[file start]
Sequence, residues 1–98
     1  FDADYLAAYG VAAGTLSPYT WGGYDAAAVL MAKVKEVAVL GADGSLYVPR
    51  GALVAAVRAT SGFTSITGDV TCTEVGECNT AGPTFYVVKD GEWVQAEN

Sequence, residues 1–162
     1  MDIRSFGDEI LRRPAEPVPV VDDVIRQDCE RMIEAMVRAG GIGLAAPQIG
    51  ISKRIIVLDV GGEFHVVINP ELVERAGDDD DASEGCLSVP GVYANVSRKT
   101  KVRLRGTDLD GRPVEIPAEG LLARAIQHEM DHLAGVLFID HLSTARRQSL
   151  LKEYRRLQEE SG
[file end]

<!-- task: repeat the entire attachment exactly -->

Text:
Sequence, residues 1–98
     1  FDADYLAAYG VAAGTLSPYT WGGYDAAAVL MAKVKEVAVL GADGSLYVPR
    51  GALVAAVRAT SGFTSITGDV TCTEVGECNT AGPTFYVVKD GEWVQAEN

Sequence, residues 1–162
     1  MDIRSFGDEI LRRPAEPVPV VDDVIRQDCE RMIEAMVRAG GIGLAAPQIG
    51  ISKRIIVLDV GGEFHVVINP ELVERAGDDD DASEGCLSVP GVYANVSRKT
   101  KVRLRGTDLD GRPVEIPAEG LLARAIQHEM DHLAGVLFID HLSTARRQSL
   151  LKEYRRLQEE SG